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Access to social capital and risk of HIV infection in Bukoba urban district, Kagera region, Tanzania

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      Abstract

      BackgroundKagera is one of the 22 regions of Tanzania mainland, which has witnessed a decline in HIV prevalence during the past two decades; decreasing from 24% in 1987 to 4.7 in 2009 in the urban district of Bukoba. Access to social capital, both structural and cognitive, might have played a role in this development. The aim was to examine the association between individual structural and cognitive social capital and socio-economic characteristics and the likelihood of being HIV infected.MethodsWe conducted a population-based cross-sectional study of 3586 participants, of which 3423 (95%) agreed to test for HIV following pre-test counseling. The HIV testing was performed using enzyme-linked immunosorbent assay (ELISA) antibody detection tests. Multiple logistic regression analysis was applied to estimate the impact of socio-economic factors, individual structural and cognitive social capital and HIV sero-status.ResultsIndividuals who had access to low levels of both structural and cognitive individual social capital were four and three times more likely to be HIV positive compared to individuals who had access to high levels. The associations remained statistically significant for both individual structural and cognitive social capital after adjusting for potential confounding factors such as age, sex, marital status, occupation, level of education and wealth index (OR =8.6, CI: 5.7-13.0 and OR =2.4, CI: 1.6-3.5 for individual structural and cognitive social capital respectively). For both women and men access to high levels of individual structural and cognitive social capital decreased the risk of being HIV infected. This study confirms previous qualitative studies indicating that access to structural and cognitive social capital is protective to HIV infection.ConclusionsWe suggest that policy makers and programme managers of HIV interventions may consider strengthening and facilitating access to social capital as a way of promoting HIV preventive information and interventions in order to reduce new HIV infections in Tanzania.

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            Author and article information

            Affiliations
            [ ]Department of Development Studies, Muhimbili University of Health and Allied Sciences, PO Box 65454, Dar es Salaam, Tanzania
            [ ]Department of Clinical Sciences, Social Medicine and Global Health, Lund University, Malmö, SE-205 02 Sweden
            [ ]Department of Public Health and Clinical Medicine, Epidemiology and Global Health, Umeå University, Umeå, SE-901 85 Sweden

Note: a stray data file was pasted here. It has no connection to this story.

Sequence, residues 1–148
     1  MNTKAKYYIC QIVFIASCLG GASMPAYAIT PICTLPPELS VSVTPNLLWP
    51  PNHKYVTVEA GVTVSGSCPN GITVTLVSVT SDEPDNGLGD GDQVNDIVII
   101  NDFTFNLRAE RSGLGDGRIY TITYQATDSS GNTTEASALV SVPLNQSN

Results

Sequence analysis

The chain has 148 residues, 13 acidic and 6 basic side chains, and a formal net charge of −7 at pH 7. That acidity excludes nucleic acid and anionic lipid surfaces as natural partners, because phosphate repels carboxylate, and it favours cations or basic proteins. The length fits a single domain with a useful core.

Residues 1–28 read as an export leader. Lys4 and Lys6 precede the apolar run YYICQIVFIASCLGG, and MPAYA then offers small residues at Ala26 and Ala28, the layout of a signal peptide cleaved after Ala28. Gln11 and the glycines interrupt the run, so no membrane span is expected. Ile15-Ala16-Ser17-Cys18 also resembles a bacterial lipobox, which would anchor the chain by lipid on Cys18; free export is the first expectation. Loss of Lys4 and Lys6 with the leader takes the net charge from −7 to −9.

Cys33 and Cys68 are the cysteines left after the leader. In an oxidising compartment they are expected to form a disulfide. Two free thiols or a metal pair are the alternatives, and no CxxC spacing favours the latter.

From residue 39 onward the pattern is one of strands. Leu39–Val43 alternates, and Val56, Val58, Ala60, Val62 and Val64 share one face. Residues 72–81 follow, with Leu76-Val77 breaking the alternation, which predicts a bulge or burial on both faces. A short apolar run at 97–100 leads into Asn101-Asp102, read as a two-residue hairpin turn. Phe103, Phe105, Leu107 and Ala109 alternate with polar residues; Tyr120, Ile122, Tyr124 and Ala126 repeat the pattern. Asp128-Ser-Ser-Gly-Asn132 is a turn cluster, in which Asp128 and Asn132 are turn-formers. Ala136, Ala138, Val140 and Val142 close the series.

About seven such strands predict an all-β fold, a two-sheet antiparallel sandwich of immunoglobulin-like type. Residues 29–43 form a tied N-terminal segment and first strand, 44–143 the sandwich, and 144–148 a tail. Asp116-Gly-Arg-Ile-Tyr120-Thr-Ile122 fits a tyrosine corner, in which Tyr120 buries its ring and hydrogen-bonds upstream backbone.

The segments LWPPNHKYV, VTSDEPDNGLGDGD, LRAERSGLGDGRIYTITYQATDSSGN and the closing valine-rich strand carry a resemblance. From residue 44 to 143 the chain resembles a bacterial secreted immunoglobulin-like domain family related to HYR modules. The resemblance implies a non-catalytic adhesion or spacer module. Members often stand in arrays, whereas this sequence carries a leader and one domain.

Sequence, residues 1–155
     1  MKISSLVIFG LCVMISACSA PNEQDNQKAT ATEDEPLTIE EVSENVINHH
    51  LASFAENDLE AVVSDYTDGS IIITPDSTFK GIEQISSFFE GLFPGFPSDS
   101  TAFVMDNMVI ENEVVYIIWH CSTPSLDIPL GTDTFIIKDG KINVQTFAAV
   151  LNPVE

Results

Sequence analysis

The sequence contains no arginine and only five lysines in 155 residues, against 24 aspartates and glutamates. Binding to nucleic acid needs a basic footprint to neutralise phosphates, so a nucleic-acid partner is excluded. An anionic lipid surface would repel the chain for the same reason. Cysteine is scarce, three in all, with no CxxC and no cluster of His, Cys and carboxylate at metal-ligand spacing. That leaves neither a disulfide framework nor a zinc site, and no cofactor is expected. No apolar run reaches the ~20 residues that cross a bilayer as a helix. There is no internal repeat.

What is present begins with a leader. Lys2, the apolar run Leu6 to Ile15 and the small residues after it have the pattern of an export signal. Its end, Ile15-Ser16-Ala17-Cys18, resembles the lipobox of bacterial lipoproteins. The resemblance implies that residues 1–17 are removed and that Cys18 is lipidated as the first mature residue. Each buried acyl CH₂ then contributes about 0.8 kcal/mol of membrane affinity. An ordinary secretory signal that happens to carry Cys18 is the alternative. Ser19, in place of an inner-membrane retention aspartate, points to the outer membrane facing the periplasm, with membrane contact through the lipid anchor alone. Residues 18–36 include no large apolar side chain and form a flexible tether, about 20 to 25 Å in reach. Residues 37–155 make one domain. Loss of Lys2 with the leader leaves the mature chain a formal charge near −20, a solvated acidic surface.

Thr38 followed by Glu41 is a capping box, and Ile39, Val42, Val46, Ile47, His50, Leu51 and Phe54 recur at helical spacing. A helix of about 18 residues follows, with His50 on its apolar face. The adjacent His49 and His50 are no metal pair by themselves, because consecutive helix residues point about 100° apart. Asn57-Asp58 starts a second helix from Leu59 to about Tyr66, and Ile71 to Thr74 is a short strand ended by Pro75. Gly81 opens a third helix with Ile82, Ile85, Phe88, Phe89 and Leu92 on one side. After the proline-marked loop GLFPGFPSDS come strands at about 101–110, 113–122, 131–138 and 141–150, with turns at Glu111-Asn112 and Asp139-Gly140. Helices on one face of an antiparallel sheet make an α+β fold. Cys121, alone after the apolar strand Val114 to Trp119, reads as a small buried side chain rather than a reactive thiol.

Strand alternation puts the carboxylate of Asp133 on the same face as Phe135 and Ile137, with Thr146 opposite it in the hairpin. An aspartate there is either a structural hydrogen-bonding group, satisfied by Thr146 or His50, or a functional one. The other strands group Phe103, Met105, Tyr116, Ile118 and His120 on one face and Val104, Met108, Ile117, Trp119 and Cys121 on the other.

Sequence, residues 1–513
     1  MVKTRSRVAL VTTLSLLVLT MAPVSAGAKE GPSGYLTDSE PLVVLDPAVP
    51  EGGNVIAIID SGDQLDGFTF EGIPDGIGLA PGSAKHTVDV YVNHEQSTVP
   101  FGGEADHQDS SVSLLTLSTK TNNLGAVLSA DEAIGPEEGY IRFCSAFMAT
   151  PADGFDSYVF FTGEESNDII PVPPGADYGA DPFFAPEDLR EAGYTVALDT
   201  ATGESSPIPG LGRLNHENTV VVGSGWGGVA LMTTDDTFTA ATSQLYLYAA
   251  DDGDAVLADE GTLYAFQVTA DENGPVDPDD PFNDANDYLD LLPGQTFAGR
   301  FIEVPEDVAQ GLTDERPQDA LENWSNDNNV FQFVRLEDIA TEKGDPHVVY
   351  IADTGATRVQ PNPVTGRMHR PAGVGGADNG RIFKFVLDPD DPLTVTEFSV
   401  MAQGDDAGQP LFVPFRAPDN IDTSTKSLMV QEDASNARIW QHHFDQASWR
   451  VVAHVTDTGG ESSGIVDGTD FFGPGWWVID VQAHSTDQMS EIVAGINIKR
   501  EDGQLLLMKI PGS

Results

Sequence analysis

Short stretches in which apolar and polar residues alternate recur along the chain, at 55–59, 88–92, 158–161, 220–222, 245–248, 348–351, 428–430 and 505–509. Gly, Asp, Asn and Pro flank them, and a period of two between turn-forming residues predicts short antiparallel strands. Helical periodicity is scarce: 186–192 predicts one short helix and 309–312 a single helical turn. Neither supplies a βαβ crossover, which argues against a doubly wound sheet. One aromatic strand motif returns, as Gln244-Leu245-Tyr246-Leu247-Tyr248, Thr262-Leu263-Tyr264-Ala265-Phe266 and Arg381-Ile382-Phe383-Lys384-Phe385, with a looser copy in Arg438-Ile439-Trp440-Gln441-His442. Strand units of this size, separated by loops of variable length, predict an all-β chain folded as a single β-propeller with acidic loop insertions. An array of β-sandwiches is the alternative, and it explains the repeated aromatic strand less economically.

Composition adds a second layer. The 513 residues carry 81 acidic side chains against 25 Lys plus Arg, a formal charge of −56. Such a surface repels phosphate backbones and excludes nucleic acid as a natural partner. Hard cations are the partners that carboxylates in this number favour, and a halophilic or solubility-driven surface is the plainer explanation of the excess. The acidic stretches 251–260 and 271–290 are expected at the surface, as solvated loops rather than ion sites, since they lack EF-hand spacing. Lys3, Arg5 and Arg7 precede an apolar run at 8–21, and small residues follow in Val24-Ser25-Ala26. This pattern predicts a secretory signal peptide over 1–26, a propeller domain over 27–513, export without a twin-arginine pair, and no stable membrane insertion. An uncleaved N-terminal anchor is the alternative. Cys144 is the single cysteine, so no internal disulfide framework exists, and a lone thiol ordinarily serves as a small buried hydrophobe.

[ ]Department of Biostatistics and Epidemiology, Muhimbili University of Health and Allied Sciences, PO Box 65015, Dar es Salaam, Tanzania
            [ ]Department of Microbiology, Muhimbili University of Health and Allied Sciences, PO Box 65001, Dar es Salaam, Tanzania
            Contributors
            frumencegasto@yahoo.co.uk
            maria.emmelin@med.lu.se
            Malin.Eriksson@epiph.umu.se.umu.se
            gkwesigabo@yahoo.com
            jkillewo@yahoo.co.uk
            smoyo@muhas.ac.tz
            Lennarth.Nystrom@epiph.umu.se
            Journal
            Arch Public Health
            Arch Public Health
            Archives of Public Health
            BioMed Central (London )
            0778-7367
            2049-3258
            3 November 2014
            2014
            : 72
            : 1
            4322460
            5054
            10.1186/2049-3258-72-38
            © Frumence et al.; licensee BioMed Central Ltd. 2014

            This article is published under license to BioMed Central Ltd. This is an Open Access article distributed under the terms of the Creative Commons Attribution License ( http://creativecommons.org/licenses/by/2.0), which permits unrestricted use, distribution, and reproduction in any medium, provided the original work is properly credited. The Creative Commons Public Domain Dedication waiver ( http://creativecommons.org/publicdomain/zero/1.0/) applies to the data made available in this article, unless otherwise stated.

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            Research
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            © The Author(s) 2014

            Public health

            tanzania, structural, hiv prevalence, cognitive social capital

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